It's funny that the year I'm moving down to live in another country is the year that I've become the most patriotic for my home country. Well, if patriotic is the right word for it, I don't know what it is really. I guess it's just that I actually THINK about the things going on right now, that I care so much about our men and women fighting so far away in a war that so many people don't support.
Our media has made such a mess of what's really going on out there that I don't know how I feel about our war but I know that I support our troops beyond 100%. They're doing their job and risking and giving their lives for it.
What got to bothering me today was a radio-cast I heard while driving in to work this morning. The radio-man was asking people what they are going to do today, in remembrance. Most people said that they weren't going to do anything at all and the radio-man was/is quite upset about it. I asked myself the question that he was asking everyone on the air and I have to admit that I came up empty.
I didn't think about DOING anything for this day and when I began to think about WHAT I could do I came up empty.
So I wonder what our grandparents and great grandparents did to commemorate the bombing of Pearl Harbor in the years following of "...a date which will live in infamy."
Were they just like us and a few years later just go on with their lives on that day and for some even complain about the fact that that's all they'll hear about on t.v. (or radio) that day? Did they feel guilt like me in not KNOWING what is the right thing to do? Or were they infinitely more patriotic and wise in their dealings with the tragedy of their day?
I wish I had a grandparent that I could ask these things to. Even in times like these does my family's behavior toward Chino and I come in to play. How sad. Chino who is my wonderful Amor who though not a citizen of this country was here on that day and remembers as clearly as everyone else exactly where he was and what he was doing when it happened. He was out picking in a field when the farmer came out to get all of them and take them back to their camp. They sat around and watched the t.v. with the rest of the world and just like us he worried and prayed and felt terrible for those hurt and killed. He remembers and we talked about it this morning on the phone, I here in Mi and him there in Mexico.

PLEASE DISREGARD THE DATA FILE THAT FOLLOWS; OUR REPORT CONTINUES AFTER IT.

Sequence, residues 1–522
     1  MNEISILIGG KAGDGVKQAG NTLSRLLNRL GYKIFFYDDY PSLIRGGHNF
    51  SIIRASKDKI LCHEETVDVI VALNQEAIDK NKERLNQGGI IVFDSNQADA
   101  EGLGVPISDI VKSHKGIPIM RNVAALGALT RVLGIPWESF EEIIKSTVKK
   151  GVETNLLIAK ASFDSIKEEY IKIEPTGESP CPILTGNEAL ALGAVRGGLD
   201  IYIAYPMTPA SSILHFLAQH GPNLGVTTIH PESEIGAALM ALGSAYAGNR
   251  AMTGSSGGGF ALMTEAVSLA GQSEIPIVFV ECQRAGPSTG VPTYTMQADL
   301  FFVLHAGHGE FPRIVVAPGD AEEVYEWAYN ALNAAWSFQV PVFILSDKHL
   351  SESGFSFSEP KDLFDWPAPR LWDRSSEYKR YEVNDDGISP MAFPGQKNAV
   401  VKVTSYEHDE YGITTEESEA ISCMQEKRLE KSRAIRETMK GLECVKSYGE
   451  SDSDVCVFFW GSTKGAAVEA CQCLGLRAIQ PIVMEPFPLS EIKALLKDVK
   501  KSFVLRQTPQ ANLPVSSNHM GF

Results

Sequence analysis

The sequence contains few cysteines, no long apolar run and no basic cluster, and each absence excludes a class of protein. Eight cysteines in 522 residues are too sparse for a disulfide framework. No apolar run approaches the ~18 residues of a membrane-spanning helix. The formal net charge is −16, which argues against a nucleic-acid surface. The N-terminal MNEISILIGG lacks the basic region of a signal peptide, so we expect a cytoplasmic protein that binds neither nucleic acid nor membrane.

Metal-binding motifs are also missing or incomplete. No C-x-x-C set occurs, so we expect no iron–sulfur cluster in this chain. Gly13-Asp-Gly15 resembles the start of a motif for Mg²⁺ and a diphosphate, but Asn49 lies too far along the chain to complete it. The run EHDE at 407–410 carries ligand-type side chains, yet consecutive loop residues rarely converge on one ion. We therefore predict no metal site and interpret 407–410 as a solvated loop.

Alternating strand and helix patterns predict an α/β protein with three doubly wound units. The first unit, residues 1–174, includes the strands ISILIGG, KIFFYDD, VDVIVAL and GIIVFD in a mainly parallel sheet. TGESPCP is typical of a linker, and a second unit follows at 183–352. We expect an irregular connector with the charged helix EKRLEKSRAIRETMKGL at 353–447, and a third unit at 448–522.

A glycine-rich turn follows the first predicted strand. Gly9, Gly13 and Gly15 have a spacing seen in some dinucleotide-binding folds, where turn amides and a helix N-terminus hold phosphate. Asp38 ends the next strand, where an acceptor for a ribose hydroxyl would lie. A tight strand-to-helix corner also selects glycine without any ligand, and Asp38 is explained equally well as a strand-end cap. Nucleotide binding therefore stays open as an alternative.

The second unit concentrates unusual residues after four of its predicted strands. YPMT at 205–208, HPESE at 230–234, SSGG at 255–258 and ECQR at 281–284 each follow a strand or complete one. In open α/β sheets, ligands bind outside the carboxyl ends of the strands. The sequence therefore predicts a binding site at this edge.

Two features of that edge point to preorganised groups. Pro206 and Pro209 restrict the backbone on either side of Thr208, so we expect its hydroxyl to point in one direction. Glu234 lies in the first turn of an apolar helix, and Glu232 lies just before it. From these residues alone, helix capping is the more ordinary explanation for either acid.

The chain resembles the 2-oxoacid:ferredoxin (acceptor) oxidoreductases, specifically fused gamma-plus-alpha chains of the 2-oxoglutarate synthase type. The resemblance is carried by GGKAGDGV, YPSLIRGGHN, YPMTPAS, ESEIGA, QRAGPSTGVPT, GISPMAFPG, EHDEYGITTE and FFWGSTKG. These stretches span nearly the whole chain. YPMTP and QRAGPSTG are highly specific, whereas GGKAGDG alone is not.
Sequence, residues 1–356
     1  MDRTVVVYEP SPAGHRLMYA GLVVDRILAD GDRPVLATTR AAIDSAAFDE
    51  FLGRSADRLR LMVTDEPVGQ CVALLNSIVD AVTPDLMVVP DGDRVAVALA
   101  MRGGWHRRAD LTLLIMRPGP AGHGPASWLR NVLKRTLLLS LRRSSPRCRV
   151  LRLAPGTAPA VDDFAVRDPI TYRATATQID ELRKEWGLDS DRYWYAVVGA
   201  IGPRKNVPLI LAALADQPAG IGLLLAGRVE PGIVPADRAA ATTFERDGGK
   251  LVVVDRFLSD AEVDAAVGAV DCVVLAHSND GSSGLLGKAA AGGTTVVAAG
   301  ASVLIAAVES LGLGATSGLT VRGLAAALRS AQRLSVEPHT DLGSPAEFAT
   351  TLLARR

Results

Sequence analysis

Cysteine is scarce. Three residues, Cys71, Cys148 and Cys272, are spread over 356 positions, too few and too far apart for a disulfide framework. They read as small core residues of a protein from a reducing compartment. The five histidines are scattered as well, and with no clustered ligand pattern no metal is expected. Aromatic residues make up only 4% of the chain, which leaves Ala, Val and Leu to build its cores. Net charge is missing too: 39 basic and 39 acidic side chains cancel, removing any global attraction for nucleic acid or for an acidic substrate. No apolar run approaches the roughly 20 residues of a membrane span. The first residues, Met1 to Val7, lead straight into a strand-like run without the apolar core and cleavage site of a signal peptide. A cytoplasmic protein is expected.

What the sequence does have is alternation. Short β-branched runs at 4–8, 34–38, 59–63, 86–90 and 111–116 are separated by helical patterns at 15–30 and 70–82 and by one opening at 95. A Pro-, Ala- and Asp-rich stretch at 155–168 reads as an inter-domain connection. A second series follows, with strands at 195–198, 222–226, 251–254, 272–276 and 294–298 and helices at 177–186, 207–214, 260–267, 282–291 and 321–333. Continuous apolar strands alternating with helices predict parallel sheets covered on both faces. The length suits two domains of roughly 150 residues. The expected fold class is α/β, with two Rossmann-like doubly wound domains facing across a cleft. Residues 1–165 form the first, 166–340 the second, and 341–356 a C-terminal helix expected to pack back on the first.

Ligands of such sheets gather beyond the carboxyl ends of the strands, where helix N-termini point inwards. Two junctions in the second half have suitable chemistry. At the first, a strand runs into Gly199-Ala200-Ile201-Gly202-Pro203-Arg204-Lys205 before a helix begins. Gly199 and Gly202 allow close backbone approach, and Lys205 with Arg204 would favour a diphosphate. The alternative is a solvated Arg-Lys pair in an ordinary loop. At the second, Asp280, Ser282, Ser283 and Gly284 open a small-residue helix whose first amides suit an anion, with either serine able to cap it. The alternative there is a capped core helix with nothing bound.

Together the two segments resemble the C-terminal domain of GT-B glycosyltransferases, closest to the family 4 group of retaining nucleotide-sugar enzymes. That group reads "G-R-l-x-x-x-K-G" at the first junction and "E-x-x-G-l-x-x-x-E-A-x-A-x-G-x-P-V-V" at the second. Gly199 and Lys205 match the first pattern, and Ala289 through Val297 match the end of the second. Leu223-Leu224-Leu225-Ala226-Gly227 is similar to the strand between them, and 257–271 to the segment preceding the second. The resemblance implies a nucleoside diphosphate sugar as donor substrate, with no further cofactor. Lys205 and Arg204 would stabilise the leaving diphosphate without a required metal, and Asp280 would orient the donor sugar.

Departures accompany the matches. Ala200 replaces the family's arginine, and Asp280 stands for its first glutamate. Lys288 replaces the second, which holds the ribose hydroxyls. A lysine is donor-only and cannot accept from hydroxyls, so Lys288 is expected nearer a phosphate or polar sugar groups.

This morning when I went out to hang my flag at work, something I've been doing for the last couple of weeks, I stood with it in my hands and said a prayer. I prayed for those lost on 9/11/01 and their families and I prayed for those in the war and their families and lastly for those lost in this war and all those affected by their loss.
I burned a C.D. a few days ago for a friend of mine who is a Veteran and I made myself remember to give it to him today.
I'll look up when we're supposed to pause in a moment of silence today and actually observe it for once.
Other than these small things I'm not sure what I should do, what I'm expected to do or what would be patriotic and right. I don't know what my grandparents would do.
I guess in my doings through out the day I can look for those little moments where one can choose to be kind or just be an ass. I'll look for those neat little times where we can do something small and yet so big for a stranger on the street or in the store and look for opportunities to do Random Acts of Kindness. I might not know how to be patriotic but the least I can do is do what I know how to do and spread kindness, at least my little bit, in a world that is some days so unkind.
Perhaps as I get older I'll know more what is right. I do know that I'll teach my unborn-not-yet-conceived children about this day. They'll know about it and how I feel and what I do before they ever have a chance to question themselves. I guess that's one more thing I can do.